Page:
So, who will the nominee be? Usually the Republican Party plays the game of "Who's Next in Line," which would mean Mitt Romney, who seems a certainty to run. Other names of candidates who would seem to have a chance would be Tim Pawlenty, Mike Huckabee, and, of course, Sarah Palin, but the jury is out on whether the last two will even run.

Romney seems like the establishment choice, though he has his obstacles. A notorious flip-flopper and panderer, Romney is also incredibly bland. It's hard to imagine the populace being swept into a passion for voting for him.

It will be fascinating to see what role the Tea Party has, as this is the first presidential election cycle to occur following their crest. A reasonable candidate, like Mitch Daniels, would have a great chance of beating Obama, but his less-than-rabid stance on social issues (and his reluctance to run) would seem to nix his chances. Some think that Pawlenty will be the alternative to the been-there, done-that Romney, but Pawlenty is not much more exciting than Romney.

Democrats can feel good surveying the potential Republican candidates, but there is always the chance that the economy could once again slide, or some foreign misadventure (like Libya) could suddenly drop Obama's approval rating. If that happens, some Republicans may rue that they sat this one out, and the country may end up with a D-lister as president.

Wednesday, March 09, 2011

Inside Job

The winner of the 2010 Oscar for Best Documentary Feature was Inside Job, which I saw last night. It's a very good film, and I suppose my highest praise for it is that I felt like I actually understood what caused the financial collapse, something that had eluded me before now.

Written and directed by Charles Ferguson, who made a similarly sharp film about the wars in Iraq and Afghanistan, No End in Sight, Inside Job takes the view that everything started to go bad when deregulation of the financial services industry started under Reagan. Ferguson is not partisan in his blame--Clinton comes in for a heap of it as well. What really gores Ferguson's ox seems to be the incestuous relationship of investment banks and government--when top men from the various banks end up as Secretary of Treasury, not a lot of reform is going to get done.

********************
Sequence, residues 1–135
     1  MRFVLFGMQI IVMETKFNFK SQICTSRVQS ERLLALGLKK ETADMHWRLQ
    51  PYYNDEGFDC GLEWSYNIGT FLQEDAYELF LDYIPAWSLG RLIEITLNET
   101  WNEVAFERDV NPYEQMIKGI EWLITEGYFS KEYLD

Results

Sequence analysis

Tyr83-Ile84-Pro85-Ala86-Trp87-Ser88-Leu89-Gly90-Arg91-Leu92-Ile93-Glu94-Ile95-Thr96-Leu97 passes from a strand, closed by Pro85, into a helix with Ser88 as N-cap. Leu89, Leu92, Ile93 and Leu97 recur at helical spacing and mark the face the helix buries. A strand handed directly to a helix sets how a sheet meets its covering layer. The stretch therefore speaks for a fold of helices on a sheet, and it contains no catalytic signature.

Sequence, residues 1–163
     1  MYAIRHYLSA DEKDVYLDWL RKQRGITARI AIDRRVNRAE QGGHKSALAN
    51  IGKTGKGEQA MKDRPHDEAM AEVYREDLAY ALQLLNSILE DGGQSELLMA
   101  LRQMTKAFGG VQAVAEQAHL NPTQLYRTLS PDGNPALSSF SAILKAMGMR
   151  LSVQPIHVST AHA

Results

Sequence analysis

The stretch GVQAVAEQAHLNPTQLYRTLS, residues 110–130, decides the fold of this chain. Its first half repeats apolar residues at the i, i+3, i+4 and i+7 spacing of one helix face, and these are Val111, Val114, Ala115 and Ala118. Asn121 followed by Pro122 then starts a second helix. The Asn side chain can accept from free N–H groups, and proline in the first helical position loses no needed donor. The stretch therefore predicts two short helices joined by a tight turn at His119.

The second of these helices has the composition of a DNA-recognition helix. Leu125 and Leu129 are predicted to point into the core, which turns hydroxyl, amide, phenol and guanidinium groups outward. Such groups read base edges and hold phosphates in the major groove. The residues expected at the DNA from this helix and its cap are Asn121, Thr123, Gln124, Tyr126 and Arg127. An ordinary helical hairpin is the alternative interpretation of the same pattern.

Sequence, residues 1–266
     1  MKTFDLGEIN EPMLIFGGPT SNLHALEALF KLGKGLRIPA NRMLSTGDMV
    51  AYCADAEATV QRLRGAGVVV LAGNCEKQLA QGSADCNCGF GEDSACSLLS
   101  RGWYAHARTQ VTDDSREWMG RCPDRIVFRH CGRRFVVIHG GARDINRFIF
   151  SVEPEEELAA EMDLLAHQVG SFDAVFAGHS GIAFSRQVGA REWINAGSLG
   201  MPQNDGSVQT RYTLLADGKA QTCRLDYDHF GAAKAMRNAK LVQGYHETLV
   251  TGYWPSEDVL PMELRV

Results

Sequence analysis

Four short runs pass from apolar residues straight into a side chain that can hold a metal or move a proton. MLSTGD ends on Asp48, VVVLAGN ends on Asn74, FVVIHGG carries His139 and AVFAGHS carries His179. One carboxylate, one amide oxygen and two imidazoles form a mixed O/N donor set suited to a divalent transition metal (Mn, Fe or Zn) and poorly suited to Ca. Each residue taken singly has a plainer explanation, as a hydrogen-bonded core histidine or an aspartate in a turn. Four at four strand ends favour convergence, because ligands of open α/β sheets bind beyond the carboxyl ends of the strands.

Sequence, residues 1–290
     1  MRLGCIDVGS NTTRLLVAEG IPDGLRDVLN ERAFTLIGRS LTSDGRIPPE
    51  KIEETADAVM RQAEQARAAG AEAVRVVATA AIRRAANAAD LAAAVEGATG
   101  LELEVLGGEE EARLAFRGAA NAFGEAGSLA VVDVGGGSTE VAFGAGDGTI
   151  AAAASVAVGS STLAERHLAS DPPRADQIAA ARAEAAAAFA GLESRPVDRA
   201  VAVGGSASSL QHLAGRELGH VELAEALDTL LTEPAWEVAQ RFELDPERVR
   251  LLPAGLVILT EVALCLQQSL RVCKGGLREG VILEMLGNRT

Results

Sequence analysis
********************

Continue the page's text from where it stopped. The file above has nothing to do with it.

Ferguson lays out how the trap was sprung. It used to be that a mortgage lender expected the home-buyer to pay them back, but now they bundle those mortgages together and sell them to investment banks, and in turn are then sold as investment opportunities. This encouraged the predatory lending of subprime loans to people who couldn't afford to pay them back. Despite the high risk of these loans, rating agencies like Moody's, who get paid by the investment banks, gave them high ratings. When the loans weren't repaid, insurers like AIG went belly-up, and those who invested in them, like pension funds for government employees, lost their savings.

The culprit fingered here is the unquenchable greed of the executives at these companies, who ruined their outfits but still walked away with millions of dollars (as Ferguson pointed out in his Oscar acceptance speech, no one has gone to jail for this). The investment banker became less concerned with his customer than with making money, sometimes even making money when his customer lost money. There's some great footage of these guys being grilled in Congressional hearings, but even then they seem unable to realize what they did was wrong.

Be warned, though, this film is not objective. Ferguson interviews a handful of those who represent the pro-deregulation wing of economics and they are set up like fools. Also, whenever a particular person is painted as a villain (Alan Greenspan, Larry Summers, etc.) we get a title card ominously stating that that person refused to be interviewed for the film. A closing shot of the Statue of Liberty also layers it on a little thick.